Google has announced the launch of Google Earth 6. This new version provides a well integrated street view, 3D trees and easier way to access historical imagery. Now Pegman icon is integrated into the navigation controls. It is possible to just drag Pegman to the street which is to be viewed (blue borders will instantly appear around streets having street view imagery available). Currently 3D trees are modeled for select city parks, neighborhoods and forests around the world. This number would increase in future to cover more. 3D tree view provides a enriching experience as soon as one flies down to the ground level of area/forest with 3D buildings layer enabled. More than 50 different species of trees can be identified all over the world.
Tuesday, November 30, 2010
Sunday, November 28, 2010
Image via Wikipedia
It is known that FOSS4G conferences are held every year to discuss the latest developments in Open Source Geospatial Software. This year the conference was held in Barcelona, Spain in September (6th to 9th). In the year 2011 the conference is scheduled in Denver, Colarado, USA. Lot of workshops, tutorial sessions and presentations are a part of the yearly conference. In order to provide hands on experience during the sessions a linux-based (Xubuntu) live DVD is released which contains all the leading free GIS software. Luckily this DVD is also provided for free download in the OSGeo site as well as the official site meant for these live distributions. Currently the DVD released during FOSS4G, 2010 is available.
Saturday, November 27, 2010
Image via Wikipedia
Very recently there have been reports of Linux's market share being less than 1%. Though I personally believe it is 100% false, statistics force one to trust the information. The reason for this may be lack of a single channel to register oneself as a Linux user. Using free software does not mandate registration. Conceptually it's good but other's take advantage of the available statistics to show that the user base is too low to innovate in these platforms.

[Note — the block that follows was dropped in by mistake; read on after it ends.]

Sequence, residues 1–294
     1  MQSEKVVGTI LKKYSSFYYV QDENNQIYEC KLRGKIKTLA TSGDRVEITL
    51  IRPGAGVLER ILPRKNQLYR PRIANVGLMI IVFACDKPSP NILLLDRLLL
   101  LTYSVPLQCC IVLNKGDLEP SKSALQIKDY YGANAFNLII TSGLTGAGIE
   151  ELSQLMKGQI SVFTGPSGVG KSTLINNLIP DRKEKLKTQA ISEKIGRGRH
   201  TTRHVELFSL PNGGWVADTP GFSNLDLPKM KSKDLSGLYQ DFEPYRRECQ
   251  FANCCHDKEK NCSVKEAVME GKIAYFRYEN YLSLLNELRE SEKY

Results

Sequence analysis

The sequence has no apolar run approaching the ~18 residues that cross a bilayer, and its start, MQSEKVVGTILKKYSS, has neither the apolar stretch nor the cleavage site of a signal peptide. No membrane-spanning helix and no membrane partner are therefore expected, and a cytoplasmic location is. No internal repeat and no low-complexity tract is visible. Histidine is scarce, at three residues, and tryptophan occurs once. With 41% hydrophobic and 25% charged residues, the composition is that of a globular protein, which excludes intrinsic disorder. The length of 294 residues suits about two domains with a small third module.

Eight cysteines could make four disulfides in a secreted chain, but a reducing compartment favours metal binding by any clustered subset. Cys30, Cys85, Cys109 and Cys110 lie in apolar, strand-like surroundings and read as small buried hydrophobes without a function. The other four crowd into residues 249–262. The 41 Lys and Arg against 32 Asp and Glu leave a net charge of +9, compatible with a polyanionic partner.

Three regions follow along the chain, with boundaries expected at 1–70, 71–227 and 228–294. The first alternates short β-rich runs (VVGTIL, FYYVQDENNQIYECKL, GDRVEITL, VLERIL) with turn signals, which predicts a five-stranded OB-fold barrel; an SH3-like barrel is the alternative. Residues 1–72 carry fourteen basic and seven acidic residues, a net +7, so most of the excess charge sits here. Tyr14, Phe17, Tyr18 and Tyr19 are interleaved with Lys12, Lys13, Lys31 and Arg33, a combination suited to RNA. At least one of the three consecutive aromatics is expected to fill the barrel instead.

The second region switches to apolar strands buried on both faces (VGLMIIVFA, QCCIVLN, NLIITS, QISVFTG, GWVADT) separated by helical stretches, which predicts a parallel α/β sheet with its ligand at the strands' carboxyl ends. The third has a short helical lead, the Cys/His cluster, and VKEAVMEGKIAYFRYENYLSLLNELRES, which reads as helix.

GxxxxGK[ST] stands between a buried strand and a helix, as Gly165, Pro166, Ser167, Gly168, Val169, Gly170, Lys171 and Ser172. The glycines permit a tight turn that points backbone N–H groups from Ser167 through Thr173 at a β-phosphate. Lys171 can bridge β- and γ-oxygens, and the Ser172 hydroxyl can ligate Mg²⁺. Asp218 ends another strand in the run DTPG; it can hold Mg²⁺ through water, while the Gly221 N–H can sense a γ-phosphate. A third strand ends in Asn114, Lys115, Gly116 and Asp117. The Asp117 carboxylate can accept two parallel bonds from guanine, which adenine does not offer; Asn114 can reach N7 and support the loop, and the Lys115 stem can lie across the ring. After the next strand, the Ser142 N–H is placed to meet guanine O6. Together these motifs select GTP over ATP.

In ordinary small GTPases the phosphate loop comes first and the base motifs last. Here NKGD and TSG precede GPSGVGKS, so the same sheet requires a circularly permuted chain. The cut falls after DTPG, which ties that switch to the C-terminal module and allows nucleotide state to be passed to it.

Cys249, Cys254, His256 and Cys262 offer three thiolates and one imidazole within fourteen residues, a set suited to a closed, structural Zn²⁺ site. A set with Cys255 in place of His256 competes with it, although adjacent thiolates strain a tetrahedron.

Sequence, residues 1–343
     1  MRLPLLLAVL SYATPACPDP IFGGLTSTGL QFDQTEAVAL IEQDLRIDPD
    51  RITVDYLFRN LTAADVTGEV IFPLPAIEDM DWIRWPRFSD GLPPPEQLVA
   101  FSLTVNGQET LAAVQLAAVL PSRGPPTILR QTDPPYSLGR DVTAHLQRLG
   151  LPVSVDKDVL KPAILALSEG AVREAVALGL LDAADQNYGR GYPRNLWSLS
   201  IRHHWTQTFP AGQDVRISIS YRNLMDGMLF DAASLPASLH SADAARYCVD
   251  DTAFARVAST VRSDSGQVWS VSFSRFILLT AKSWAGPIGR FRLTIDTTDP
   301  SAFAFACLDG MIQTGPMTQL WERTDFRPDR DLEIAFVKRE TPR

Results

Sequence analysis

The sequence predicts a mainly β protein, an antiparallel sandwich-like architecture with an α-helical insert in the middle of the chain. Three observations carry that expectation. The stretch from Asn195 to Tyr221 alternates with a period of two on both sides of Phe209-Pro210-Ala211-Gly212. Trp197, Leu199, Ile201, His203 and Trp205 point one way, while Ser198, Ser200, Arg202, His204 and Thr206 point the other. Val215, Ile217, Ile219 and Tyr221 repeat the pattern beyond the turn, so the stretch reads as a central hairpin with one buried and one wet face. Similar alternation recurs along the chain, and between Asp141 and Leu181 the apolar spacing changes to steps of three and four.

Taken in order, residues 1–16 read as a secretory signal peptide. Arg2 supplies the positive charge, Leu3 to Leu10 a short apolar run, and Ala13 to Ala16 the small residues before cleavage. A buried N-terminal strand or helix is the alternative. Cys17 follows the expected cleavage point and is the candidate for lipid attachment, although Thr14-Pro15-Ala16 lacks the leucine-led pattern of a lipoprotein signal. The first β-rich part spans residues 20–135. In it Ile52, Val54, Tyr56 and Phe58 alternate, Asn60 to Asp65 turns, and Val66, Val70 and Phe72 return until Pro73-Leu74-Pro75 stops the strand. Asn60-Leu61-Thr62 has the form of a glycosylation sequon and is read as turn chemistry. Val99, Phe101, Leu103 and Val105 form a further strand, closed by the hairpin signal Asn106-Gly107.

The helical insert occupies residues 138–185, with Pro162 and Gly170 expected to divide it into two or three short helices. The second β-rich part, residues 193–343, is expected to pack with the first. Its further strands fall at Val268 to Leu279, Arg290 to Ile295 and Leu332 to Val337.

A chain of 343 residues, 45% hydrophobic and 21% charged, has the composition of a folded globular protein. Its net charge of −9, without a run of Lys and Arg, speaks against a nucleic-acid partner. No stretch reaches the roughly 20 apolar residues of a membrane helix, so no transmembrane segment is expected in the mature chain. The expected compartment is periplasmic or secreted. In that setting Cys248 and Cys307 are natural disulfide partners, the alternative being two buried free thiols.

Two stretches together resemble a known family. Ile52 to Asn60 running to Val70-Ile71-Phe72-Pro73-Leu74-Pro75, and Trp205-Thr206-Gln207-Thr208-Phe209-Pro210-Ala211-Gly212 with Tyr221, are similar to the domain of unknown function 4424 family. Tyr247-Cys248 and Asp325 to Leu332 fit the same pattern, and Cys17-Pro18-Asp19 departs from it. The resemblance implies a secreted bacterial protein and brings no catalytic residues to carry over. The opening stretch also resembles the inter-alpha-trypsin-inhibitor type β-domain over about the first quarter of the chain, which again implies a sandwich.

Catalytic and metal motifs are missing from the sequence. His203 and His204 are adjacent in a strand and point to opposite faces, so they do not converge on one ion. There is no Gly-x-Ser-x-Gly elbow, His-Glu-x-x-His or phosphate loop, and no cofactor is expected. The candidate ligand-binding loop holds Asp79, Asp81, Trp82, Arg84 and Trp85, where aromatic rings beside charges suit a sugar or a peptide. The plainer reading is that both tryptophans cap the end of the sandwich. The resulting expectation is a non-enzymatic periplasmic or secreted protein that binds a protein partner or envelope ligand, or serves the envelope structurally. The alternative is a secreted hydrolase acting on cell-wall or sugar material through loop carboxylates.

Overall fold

Tuesday, November 23, 2010
In India, an expert committee under the chairmanship of Prof. Vaidyanathan has recommended use of Remote Sensing for improving the agricultural statistics scenario in the country. The committee has observed in its interim report that Remote sensing has the potential to collect primary data on land use and crop area data at a high level of spatial disaggregation. Thus it is said that use of remote sensing could significantly reduce (a) reliance on direct plot by plot inspection for area estimation and/or using it to check the accuracy of primary agency records and (b) help ensure that supervisors of the sub sample are present at the time actual harvest. (At present, given the wide variation in timing of harvests of particular crops in a given season, getting correct information on the date of harvest of different crops in selected sub-sample plots and ensuring that the supervisors are actually present to check that CCEs (Crop Cutting Experiments) are properly carried out presents a daunting and difficult task).
It is a significant report in terms of modernization of data collection approaches in India. An interim report is already submitted and the final report is expected to be submitted in December 2010.